To segment by psychographic profile, break down your customers by lifestyle, personality, values and interest. For instance, let's say your target customers follow the lifestyle of an urban professional. Their personality is curious with a love for new innovations and the latest gadgets. They value stability, fluidity and ease of use, and they have an interest in everything from arts and entertainment to tech. However, their unifying interest is to accomplish daily tasks easier.

Let's say you want to use this visualization as part of your daily scrum meeting. You can actually edit this information to list the details you want to review under each element. For instance, under product backlog, you can replace the bullet points with the requirements that still need to be implemented. Under sprint, you can summarize the current status of the sprint. Your Sprint backlog card will cover what still needs to be accomplished. (Slide 8)


Another useful agile method is Kanban. Kanban Methodology visualizes a lean workflow in a notecard format, with columns that correspond to steps of the development process and cards assigned for individual tasks.

Kanban makes policies explicit with a collective definition of the process and agreed-upon guidelines, and naturally creates a feedback loop for continuous improvement through regular meetings. Also, Kanban makes it easier to manage workflows through the reduction of bottlenecks since everyone can see where the hold-up in the chain is. And because it limits the ongoing work to prevent multitasking, Kanban doesn't overburden team members.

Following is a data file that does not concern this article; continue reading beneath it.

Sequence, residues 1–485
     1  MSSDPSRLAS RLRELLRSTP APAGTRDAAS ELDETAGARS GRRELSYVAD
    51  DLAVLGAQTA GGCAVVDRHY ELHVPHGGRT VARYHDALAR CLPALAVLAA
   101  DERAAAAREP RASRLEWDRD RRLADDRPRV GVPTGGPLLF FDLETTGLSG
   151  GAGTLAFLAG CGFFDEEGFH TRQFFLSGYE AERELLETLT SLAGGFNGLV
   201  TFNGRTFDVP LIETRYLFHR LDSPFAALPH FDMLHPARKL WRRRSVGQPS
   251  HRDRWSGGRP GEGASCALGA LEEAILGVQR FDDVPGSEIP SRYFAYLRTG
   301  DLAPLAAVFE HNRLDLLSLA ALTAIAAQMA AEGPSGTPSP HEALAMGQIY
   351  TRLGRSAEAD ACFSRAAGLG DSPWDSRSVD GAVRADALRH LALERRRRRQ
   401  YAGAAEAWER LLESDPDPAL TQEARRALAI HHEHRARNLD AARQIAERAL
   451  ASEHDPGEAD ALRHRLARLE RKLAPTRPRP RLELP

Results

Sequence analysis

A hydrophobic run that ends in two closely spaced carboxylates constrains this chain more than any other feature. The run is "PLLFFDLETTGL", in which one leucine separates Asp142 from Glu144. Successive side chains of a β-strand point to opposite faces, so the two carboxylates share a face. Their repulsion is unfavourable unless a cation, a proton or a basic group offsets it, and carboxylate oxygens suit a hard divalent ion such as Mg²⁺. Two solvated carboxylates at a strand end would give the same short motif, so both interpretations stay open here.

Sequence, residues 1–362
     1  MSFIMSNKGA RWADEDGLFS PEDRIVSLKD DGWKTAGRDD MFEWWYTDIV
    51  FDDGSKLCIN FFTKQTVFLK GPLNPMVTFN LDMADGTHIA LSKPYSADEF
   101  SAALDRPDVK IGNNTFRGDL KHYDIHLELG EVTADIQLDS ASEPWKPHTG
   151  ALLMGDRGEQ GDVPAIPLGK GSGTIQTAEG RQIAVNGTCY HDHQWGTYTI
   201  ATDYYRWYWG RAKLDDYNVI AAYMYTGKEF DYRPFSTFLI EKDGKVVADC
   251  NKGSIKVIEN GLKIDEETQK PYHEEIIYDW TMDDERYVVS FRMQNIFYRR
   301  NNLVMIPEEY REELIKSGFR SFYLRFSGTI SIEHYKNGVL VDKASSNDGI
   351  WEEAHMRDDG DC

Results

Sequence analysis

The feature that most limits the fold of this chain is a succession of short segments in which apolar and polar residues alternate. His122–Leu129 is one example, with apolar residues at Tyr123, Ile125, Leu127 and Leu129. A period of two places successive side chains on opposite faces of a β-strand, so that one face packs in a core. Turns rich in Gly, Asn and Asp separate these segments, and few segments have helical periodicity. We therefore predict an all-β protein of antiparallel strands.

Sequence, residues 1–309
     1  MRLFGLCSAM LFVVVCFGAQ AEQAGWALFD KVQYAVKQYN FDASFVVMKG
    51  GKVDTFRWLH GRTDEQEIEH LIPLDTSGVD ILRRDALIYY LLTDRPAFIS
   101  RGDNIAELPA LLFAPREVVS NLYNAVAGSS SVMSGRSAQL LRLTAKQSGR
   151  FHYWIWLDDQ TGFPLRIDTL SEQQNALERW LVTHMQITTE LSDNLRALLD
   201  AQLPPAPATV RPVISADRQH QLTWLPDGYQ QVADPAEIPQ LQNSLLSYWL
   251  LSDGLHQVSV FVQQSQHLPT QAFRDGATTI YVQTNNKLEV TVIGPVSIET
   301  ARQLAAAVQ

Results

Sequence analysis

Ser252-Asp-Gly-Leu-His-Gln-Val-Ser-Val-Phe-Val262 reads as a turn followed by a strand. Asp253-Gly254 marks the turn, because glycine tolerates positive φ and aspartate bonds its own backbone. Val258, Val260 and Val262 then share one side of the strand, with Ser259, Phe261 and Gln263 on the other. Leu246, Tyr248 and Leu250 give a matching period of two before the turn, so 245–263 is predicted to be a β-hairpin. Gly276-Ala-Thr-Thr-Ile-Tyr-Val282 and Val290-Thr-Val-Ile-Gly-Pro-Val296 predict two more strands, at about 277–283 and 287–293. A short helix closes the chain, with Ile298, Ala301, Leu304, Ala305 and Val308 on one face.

You can use the colors to represent individual team members and the tasks they are assigned. The Kanban board is made up of a backlog of tasks, tasks that have been accepted, and tasks that are to be implemented, tested, and then completed.

With our livestream shopping feature, the backlog would be all the tasks that we previously defined, like the wireframe development, the UX features, and any coordination with talent or test groups that needs to be managed. As the project manager, you will take tasks from the backlog and assign them to individual team members. As you can see, maybe the main software developer is light green. Here they have three tasks in their to-do and one in progress. The partnerships coordinator, who is in charge of managing talent, is in dark green. In this case, all of their talent acquisition-related tasks are done, as the contracts have all been signed with the influencers who will test and provide feedback then release content at launch. (Slide 11)


An agile roadmap can be used as a project timeline to track progress across multiple years. In this visualization, three different workstreams can be tracked across the years and are color-coded by project risk level. Project Risk Management is important as there can be uncertain events or conditions that disrupt a project's process. Awareness of possible outcomes or possible disruptions better prepares both manager and stakeholder.

For projects or tasks that are high risk, you can see where to focus your attention, or adjust task priorities so another key task isn't entirely contingent on the success of a high-risk task. Ideally, a task that follows a high-risk task can be carried out despite the success or failure of the high-risk task.

In the case of our live stream shopping feature, a delay to sign up content creators could lead to a weak launch with not enough content to keep your user base engaged, or even know how this new feature works. Another high-risk task could be the creation of the creator dashboard where creators upload their content. If this backend is not set up properly, no one will be able to upload their content or watch livestreams, which would effectively kill your launch. (Slide 13)

Alternatively, an agile release plan is another type of roadmap project managers can use to track timelines across different versions and releases. It's more of a phase-based visualization that tracks tasks and progress across iterations, which can be helpful variation depending on what information you need to track or communicate with key stakeholders at various stages of the project. (Slide 15)